Finally, since the 2001 rationing, the government has been investing in transmission lines to link plants in different regions [7]. This measure reduces the impact of decreased rain because, since Brazil is a very large country with many different ecosystems, usually when one region is suffering a severe drought, others have excess rain. If the system is connected, the regions with surplus energy can help the regions with deficit. Accordingly, a connected system needs fewer buffers to have the same level of reliability as a non-connected system. Unfortunately, building transmission lines also increases the cost of the system, albeit less than building plant buffers.


The Brazilian energy system is very dependent on the level of rain. Changing weather patterns that increase the occurrence of droughts or materially change the predictability of rain reduce the reliability of the system. There are some alternatives to tackle the adverse impacts of climate change but all of them require investments that would increase the cost to operate the system and consequently the energy prices.



[1] Brazil’s 2015 Statistical Yearbook of Electricity, EPE, 2015,

[2] Deforestation and Drought, The New York Times,10/09/2015,

How forests attract rain: an examination of a new hypothesis,

[3] From Power Provider to Power Policeman: AES Enforces Brazil’s Rationing Program, Wall Street Journal 30/07/2001,

[4] Brazil Blackout Spawns Power-Rationing Fears, Wall Street Journal 01/20/2015,

[5] The Economics of Climate Change in Brazil, in this study conducted by the Federal University of Rio de Janeiro in partnership with the World Bank, researchers try to quantify the impact climate change on Brazilian hydropower generation (pages 28 and 29),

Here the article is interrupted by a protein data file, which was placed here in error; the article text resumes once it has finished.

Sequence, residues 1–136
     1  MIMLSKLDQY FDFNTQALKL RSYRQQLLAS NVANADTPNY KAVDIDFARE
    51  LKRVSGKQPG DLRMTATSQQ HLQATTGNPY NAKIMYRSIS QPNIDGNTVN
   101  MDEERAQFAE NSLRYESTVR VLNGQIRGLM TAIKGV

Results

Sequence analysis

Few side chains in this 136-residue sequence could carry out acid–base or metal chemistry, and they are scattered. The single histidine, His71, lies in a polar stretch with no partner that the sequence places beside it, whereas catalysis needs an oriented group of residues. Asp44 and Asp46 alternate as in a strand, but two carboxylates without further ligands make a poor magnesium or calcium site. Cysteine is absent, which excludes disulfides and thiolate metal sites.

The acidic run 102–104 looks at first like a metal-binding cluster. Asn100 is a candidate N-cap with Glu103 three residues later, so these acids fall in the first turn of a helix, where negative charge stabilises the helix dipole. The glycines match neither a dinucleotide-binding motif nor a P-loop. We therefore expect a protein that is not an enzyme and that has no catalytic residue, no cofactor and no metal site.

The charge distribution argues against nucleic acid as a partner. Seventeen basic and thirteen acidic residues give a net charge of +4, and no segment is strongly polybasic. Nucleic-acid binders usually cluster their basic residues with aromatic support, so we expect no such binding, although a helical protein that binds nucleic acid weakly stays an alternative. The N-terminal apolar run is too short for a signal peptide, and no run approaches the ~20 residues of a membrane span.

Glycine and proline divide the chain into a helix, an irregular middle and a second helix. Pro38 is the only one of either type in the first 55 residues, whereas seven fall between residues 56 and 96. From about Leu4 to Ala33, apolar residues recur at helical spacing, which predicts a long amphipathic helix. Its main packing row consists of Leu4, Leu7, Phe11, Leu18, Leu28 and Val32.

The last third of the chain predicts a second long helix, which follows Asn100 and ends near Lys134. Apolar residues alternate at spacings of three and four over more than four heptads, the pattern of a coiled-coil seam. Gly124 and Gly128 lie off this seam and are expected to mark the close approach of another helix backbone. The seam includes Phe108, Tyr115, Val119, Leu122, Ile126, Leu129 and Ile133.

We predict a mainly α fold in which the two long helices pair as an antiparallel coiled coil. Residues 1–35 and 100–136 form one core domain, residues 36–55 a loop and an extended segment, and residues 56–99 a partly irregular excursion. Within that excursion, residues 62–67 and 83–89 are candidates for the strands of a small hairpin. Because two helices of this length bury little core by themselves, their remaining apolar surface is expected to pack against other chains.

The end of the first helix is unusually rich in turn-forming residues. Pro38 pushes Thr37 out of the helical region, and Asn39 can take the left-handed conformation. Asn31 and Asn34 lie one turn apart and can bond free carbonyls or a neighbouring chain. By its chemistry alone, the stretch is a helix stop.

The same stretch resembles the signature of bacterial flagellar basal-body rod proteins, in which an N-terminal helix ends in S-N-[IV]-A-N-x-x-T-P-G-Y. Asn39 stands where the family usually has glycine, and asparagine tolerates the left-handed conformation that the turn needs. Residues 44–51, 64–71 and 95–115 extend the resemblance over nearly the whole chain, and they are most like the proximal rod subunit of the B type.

[6] Plano Decenal de Expansao da Energia 2024 [2024 Decennial Energy Expansion Plan], EPE & Brazil’s Energy Ministry, 2014,ório%20Final%20do%20PDE%202024.pdf

The Economics of Climate Change in Brazil (pages 45 and 46),

[7] Os Desafios da Transmissao [Challenges in Energy Transmission], ANEEL,



Can you imagine living without power for a day? For a week?


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4 thoughts on “Climate Change and Brazil’s Energy Matrix

  1. I like the fact that you evaluate all the options available for Brazil with its pros and cons. It seems that the only way to prevent future droughts is raising the cost of electricity at some point in time. Does it make sense to divide the costs into short term and long term? Maybe options such as building wind and biomass plants are more costly in the near term, but will payoff in the future given the uncertainty of rain falling patterns over the next decades.

  2. I agree with the point Alejandra made on diversifying electricity options. In the long run, this is likely to pay off particularly as the weather in different regions of the country become more unpredictable as a result of global warming.

  3. Great post Marianna. I noticed that managing costs seem to be a recurring theme in your text. I understand why costs are such a debated topic amongst Brazilian agencies, as any fiduciarily responsible company aims to maximize profitability. My question is, what if the cost of not investing in alternatives eventually outweighs the upfront cost of changing the system now?

  4. Super interesting post, Mariana. Thanks! Do you have thoughts on the climate for foreign investment in the Brazilian energy space? I am aware of some restrictions and that a majority of the electricity production infrastructure is state-owned. Considering Brazil’s fiscals woes, do you anticipate any changes in attitude?

    Also (and this is a question regardless of supply concerns)– Do you know if smart grid thinking is also being used to lower absolute and peak energy demands? What about ‘smart’/economic responses to supply deficits (e.g., having a form of market to allow those spaces that most need electricity to pay more for it during shortages)?